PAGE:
King Charles’ rules for finding just-novelty-enough ties

The King's dino-centric tie is understood to be a coded reference to his new title of Charles III Rex, or C-Rex
The King's dino-centric tie is understood to be a coded reference to his new title of Charles III Rex, or C-Rex
  • Oops!
    Something went wrong.
    Please try again later.

King Charles has gained a reputation for being a snappy dresser – a phrase that’s gained even more significance since he was spotted sporting a pink silk tie emblazoned with a delicate powder blue tyrannosaurus rex motif. His Majesty’s penchant for a patterned tie is well-documented, but it seems to have reached new heights since he embraced another accessory: the Crown.

However, it has recently emerged that there’s a notable reason that this dino-centric tie has been worn by the monarch a number of times since his accession. According to royal biographer Robert Hardman’s new book, Charles III: New King. New Court, this tie is understood to have been given to him by a member of his family since as a coded reference to his new title of Charles III Rex, or C-Rex (geddit?).

King Charles
A patterned tie is one of the few ways King Charles, pictured here at York Minster in April 2023, can express both his personal style and his sense of humour - Getty

However, more than being a good pun, the wearing of this tie conveys something arguably far greater. In a serious job surrounded by serious people in situations with very prescribed dress codes, a patterned, erring on novelty, tie is one of the few ways King Charles can express both his personal style and his sense of humour. The C-Rex is one of a number of lighthearted ties in the King’s wardrobe – he also owns a Greek flag design (though this was transformed from being perceived as a heartwarming nod to his father’s homeland to a political statement when he wore it at Cop28 last year) and numerous Hermès creations, including one with an owl and pussycat print.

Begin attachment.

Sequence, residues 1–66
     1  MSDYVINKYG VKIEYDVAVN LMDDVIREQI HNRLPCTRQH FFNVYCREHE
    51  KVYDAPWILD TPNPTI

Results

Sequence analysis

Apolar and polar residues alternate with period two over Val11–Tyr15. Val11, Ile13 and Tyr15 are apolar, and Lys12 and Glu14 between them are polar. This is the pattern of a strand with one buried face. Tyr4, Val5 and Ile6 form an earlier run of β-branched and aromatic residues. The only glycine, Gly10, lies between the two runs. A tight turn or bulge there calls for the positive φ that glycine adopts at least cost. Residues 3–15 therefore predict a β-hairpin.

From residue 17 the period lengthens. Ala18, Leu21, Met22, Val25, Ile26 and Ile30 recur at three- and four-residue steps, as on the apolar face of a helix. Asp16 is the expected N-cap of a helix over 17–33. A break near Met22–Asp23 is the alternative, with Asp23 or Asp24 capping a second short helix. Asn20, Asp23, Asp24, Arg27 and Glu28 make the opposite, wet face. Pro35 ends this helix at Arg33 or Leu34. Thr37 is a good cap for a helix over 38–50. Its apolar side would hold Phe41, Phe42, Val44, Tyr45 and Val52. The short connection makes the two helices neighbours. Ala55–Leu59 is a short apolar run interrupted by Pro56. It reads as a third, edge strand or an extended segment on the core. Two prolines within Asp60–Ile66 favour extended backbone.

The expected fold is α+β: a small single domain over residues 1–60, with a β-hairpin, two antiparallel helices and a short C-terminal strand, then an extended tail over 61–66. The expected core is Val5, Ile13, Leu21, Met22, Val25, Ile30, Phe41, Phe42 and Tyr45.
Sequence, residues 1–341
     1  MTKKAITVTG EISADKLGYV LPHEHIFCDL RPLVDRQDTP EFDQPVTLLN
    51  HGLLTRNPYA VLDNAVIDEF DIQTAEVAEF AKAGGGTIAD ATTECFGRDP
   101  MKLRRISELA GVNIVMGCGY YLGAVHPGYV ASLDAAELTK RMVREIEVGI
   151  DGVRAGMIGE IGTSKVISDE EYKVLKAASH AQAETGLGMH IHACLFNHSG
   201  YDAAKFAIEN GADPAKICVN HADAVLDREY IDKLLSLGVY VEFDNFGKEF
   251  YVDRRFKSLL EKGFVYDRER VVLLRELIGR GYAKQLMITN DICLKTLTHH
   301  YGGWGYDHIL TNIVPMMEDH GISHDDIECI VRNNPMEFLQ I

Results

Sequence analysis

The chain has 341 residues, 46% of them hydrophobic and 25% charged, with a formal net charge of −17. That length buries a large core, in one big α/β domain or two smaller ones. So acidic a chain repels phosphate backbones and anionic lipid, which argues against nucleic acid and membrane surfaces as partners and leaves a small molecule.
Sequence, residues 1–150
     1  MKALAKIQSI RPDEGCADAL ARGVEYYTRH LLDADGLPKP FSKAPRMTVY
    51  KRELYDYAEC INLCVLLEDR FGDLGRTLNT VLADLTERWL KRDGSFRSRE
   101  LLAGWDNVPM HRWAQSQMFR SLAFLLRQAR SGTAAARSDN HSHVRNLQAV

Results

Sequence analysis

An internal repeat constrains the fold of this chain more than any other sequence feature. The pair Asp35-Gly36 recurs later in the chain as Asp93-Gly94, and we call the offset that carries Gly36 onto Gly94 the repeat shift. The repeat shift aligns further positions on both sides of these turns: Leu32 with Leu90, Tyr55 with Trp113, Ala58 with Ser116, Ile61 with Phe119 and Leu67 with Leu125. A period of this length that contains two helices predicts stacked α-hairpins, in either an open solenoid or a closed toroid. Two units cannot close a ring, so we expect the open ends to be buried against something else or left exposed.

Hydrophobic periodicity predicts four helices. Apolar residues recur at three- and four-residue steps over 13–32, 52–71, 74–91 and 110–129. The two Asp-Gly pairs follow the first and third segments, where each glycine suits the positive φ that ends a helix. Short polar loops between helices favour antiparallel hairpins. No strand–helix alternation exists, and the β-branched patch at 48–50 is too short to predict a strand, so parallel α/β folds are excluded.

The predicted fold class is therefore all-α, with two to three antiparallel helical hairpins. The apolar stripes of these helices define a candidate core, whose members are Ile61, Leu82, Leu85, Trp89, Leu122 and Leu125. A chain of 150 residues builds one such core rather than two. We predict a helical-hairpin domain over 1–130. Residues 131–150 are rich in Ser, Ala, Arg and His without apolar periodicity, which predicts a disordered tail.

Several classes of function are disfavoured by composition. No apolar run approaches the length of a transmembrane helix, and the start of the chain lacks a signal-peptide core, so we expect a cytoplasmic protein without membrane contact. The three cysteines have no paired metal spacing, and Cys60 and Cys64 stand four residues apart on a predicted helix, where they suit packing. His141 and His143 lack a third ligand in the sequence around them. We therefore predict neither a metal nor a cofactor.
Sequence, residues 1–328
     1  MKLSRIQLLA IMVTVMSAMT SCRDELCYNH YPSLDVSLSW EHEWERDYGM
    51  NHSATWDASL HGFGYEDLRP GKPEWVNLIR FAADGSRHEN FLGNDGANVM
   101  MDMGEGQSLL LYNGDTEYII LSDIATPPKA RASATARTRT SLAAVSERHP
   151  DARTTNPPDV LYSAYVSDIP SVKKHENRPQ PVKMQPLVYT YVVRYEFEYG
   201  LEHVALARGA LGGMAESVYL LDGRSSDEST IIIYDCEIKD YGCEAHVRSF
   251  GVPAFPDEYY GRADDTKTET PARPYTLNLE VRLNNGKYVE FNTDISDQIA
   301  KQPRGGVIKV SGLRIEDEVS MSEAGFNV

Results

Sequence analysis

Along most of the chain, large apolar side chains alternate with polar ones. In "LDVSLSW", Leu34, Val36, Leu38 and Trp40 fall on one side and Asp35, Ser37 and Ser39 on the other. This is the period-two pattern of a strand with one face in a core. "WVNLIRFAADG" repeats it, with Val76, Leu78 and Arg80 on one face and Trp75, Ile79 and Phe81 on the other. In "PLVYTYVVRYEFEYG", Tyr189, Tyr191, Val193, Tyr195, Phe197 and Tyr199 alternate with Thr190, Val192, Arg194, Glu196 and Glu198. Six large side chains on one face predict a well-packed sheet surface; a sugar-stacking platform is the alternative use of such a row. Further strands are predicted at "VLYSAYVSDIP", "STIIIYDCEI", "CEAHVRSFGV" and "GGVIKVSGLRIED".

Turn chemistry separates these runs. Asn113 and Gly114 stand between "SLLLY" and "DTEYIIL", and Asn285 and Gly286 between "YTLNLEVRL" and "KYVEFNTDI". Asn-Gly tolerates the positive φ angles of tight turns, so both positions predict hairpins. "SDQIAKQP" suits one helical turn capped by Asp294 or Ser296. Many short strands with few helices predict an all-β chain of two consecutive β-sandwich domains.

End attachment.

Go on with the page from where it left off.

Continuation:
The King's owl and pussycat print tie by historic Paris house Hermès
The King wearing his owl and pussycat print tie on a charity visit in 2023 - Getty
The tie was made by historic Paris house Hermès
The tie was made by historic Paris house Hermès - Getty

Despite the well-documented breakdown in the strict rules of attire in many areas of life, ties still represent a rare chance to inject fun into an otherwise serious outfit for many men in a variety of careers, from the law to medicine. It’s certainly something that my father, Alan Carvell, who started his financial career in the late 1970s, is all too familiar with. To this day, when he heads into London, it’s mostly with a jazzy patterned tie half-Windsored around his neck.

The then Prince Charles sporting a tie with a whale motif in 1994
The then Prince Charles sporting a tie with a whale motif in 1994 - Getty

“When I started in the City, it was frowned upon to wear anything other than a white shirt and a plain suit every day,” he says. “A patterned tie was a way of individualising your outfit, but also a way of showing something that you enjoyed – and created a talking point in meetings with clients.” No wonder, then, that at its peak in the late 1980s, his tie collection topped about 40 eye-catching iterations. Today, with the advent of casual Friday, this has been scaled back significantly, but his most beloved remains a roaring-red silk number from Thomas Pink, adorned with tiny martini glasses containing even tinier olives – a testament to his appreciation of a well-made cocktail. You can take the man out of the Eighties, but you can’t take the Eighties out of the man.